In 1871, he and his old friend August Ritter established the Mannheim Iron Foundry and Mechanical Workshop, later renamed the Factory for Machines for Sheet-Metal Working. The workshop's success was twofold. The business fared badly and would have gone under if it wasn't for the financial assistance it received from Karl's future wife, Bertha. However, the creatively inspirational environment allowed Karl to come up with myriads of new ideas that were patented for parts that are in many cars even today. The spark plug, the carburettor, the water radiator, the clutch, the gear shift, and finally the most important one of all that determined the evolution not only of the car but of aviation as well – the patent for the internal combustion engine that he received right before Christmas of 1879, when the world not only heard the singing of choirs celebrating Christ's birth, but also the rattle of Benz's two-stroke engine.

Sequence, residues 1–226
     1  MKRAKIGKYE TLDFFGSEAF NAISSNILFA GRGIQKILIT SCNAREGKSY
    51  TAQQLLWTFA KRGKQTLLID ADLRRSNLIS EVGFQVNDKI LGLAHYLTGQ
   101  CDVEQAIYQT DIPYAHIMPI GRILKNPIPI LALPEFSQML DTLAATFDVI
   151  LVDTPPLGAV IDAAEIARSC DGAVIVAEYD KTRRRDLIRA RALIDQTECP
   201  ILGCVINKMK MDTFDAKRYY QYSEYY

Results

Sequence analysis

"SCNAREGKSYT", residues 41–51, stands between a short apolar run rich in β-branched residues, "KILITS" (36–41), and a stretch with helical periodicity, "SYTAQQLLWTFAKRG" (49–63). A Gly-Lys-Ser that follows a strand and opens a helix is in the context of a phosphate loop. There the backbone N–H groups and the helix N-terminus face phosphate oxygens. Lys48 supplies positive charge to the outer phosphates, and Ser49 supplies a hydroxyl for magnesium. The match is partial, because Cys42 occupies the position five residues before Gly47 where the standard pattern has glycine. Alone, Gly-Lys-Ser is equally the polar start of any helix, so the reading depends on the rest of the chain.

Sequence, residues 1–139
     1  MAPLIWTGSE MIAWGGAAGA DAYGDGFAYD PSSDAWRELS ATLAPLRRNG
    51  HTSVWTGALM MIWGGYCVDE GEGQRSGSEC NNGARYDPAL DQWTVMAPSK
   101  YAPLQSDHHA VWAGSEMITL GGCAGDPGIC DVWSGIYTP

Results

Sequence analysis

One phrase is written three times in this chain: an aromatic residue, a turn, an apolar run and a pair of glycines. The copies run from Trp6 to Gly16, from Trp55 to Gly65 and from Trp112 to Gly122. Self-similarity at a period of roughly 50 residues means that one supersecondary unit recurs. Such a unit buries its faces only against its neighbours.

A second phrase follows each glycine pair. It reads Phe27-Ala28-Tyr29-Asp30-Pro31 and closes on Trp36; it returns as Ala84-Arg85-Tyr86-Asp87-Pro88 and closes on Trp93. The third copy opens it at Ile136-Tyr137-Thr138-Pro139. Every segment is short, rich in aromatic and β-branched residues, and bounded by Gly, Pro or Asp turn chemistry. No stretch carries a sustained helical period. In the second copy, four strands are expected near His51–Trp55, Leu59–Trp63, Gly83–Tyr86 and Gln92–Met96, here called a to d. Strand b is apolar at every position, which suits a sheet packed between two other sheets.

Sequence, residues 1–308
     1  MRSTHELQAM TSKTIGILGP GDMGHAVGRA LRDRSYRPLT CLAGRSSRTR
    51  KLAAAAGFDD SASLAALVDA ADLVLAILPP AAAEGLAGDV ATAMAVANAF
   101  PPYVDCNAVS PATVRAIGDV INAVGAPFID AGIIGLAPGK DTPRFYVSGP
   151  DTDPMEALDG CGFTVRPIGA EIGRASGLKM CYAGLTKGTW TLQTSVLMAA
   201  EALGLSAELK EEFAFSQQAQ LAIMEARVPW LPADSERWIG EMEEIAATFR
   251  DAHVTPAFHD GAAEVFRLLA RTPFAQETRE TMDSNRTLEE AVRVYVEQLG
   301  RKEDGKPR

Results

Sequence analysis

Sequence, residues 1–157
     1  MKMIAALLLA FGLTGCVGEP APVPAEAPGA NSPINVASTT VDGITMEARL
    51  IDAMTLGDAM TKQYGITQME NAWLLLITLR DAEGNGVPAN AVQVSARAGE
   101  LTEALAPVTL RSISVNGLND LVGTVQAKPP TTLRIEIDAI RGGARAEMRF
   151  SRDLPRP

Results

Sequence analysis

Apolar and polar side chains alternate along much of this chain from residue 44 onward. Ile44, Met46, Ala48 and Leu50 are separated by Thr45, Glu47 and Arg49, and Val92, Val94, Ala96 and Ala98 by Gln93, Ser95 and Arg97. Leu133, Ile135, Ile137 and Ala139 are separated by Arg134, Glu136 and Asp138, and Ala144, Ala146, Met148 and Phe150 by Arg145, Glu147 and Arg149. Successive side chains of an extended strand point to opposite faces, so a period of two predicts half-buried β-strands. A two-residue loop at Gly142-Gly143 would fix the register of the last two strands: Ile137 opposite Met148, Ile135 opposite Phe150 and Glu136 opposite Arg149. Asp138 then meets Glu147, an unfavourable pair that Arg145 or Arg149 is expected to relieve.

The profit from the internal combustion engine patent allowed Karl to devote himself to his old dream of designing a horseless carriage. Six more years passed from the invention of the engine and the automobile era dawned on Earth when Karl Benz rolled the first car in the world out of his workshop – the Benz Patent-Motorwagen. Given, it was his first pancake: the car was extremely hard to control even for the inventor himself, who drove it into a wall during the first showing; fortunately, no one was hurt. You could say that the first car in the world was also the first Mercedes Benz – in 1883, Karl founded Benz & Cie., which produced internal combustion engines and later evolved into the company with the three-pointed star on the bonnet. Karl showed an improved version of his car – already the Model 3 – at the 1888 Paris world's fair, where the prophet of the new age received quite a bit of attention from the public.